Index Page 1
More Stories - The Way
As we remember 9/11 of last year, read Walter Mill's
piece, as printed in
Recipe du Jour's
great newsletter last October. Grasp the good moments, folks.... you never
know when you'll need them.
On the Soccer Field in Late September
by Walter Mills
There are some moments that slow and then freeze like a strip
of film in a camera set for long exposure. Moments that, even as they pass,
you want to keep forever in your memory hoard, as the Beowulf poet phrased it some
1200 years ago.
Such a moment was the scene on the Centre Hall soccer field on a Tuesday night in
late September as I stood with two soccer moms and watched the four and five-year-olds
racing up and down the field in a cold wind under an autumnal sky. Swift black
clouds poured in on the wind; we shivered in thin jackets, and bare-legged boys
and girls chased the white ball across the clipped green grass.
While I talked with one of the mothers about recent events, my eyes kept straying
to the field where my daughter's bright mop of fair hair was sometimes all I could
recognize in the melee. Then the play would stop, and I could see her, hopping
back and forth from one foot to the other, a small jiggling silhouette against an
ominous black sky. The movement of her face and hair seemed to come in streaks,
like light on a dark photographic plate. I wanted to fix her small round
face and sturdy little body forever in my memory.
A few nights later I listened to the country's new Poet Laureate, Billy Collins,
on public radio as he talked about poetry's ability to affirm life even in the face
of tragedy, to celebrate existence in the particular moment. The Japanese
verse form called the haiku is almost all
about these moments of awareness of natural beauty, and the joy that the poet felt
being there to see the cherry blossoms dropping into a stream, or light falling
on the snowy summit of Mt. Fuji.
I think of this time in my five-year-old daughter's life as nearly perfect.
Her sadness is over quickly, while her joy bubbles up from some deep well of happiness.
Everything is new to her, experienced almost for the first time. I watch
her as she carefully ties her shoelaces into big bows, and I try to remember when
I last gave such care and attention to anything I did. Yet as perfect as I
believe this year of her life to be, I wouldn't keep her at this age even if I had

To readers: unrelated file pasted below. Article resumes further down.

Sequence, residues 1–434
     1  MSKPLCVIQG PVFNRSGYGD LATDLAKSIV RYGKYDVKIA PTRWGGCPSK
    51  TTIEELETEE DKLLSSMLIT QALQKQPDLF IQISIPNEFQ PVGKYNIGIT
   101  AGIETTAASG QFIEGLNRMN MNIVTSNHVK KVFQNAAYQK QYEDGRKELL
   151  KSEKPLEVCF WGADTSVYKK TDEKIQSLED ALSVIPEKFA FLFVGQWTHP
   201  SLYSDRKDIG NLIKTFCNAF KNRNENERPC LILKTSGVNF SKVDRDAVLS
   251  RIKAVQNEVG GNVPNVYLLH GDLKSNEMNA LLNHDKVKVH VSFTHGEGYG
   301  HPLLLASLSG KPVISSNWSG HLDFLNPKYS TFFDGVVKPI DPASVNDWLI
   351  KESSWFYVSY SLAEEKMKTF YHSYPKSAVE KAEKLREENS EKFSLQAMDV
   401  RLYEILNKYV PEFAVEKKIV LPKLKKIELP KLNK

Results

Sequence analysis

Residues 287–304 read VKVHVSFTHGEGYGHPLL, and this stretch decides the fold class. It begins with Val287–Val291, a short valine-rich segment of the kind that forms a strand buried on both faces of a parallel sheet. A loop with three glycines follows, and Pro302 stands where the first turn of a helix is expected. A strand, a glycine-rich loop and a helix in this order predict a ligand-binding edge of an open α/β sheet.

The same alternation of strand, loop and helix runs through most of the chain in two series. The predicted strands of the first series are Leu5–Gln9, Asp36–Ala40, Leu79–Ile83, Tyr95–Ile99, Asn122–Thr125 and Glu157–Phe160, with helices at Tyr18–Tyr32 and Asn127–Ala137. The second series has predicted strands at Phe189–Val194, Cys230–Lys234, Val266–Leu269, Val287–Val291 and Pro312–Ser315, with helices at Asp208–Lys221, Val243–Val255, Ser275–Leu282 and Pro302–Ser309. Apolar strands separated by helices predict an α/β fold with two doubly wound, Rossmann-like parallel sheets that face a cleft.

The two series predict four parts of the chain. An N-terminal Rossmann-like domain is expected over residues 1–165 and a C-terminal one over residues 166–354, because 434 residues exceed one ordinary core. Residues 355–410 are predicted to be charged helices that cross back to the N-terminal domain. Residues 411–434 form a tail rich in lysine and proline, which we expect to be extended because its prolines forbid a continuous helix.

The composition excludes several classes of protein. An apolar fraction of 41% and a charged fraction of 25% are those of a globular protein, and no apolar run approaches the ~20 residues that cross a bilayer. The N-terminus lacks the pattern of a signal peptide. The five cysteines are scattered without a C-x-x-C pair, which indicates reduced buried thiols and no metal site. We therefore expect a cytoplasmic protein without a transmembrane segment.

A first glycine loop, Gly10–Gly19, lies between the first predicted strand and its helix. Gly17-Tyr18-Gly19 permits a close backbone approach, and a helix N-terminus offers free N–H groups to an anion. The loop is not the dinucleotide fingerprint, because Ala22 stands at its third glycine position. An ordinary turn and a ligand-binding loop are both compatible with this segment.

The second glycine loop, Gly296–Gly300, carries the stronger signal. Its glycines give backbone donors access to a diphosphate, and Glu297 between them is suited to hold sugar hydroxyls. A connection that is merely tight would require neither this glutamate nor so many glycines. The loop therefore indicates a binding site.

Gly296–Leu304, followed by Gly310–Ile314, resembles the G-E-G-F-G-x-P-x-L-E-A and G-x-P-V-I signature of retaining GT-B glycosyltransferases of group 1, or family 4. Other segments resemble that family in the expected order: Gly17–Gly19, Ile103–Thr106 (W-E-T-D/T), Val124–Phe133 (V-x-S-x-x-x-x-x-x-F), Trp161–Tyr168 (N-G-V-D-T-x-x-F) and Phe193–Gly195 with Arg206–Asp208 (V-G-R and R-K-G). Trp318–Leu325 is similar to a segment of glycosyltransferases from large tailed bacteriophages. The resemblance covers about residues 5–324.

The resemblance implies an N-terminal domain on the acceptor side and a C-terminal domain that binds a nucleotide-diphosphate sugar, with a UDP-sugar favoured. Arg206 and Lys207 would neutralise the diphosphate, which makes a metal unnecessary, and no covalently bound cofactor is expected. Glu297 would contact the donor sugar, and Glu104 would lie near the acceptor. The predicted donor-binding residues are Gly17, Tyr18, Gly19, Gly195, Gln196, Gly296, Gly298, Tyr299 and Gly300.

Instead I tried to freeze the moment in the only way I could, in memory. I
deliberately squeezed the flash bulb of consciousness and hoped the picture would
stay etched in the cells and synapses of my brain. I knew it was an almost useless
exercise; there are far too many memories to retain. Which few moments of
my daughter's perfect year will I ever recall?
As we stood on the soccer field in the gathering darkness, the grownups talked about
the changes that had come over us in this bleak September. Meanwhile,
the white soccer ball leapt across the green field and the children raced and tumbled
after it, just like on every other Tuesday and Thursday night of the season.
Such moments tend to be lost in the endless shuffle of our lives as we come and
go to work and supper and then to bed. The still moment of reflection and
awareness awaits an event to reveal its significance. Sometimes the event
is tragic. Set against the poet's joy in witnessing the exquisite fall of
the cherry blossom, is his knowledge that next year the tree will blossom, and he
may not be there to see it.
Even as I try to gather these moments into my memory hoard, I know that all consciousness
is intentional, and that we must reach out to grasp the light on Mt. Fuji and bring
it into ourselves. The moments fly by, and we must catch them in their flight,
hold them, and let them go.
(The above column originally appeared in the Centre Daily Times and
is copyright © 2001 by Walter Mills. All rights reserved worldwide.
To contact Walt,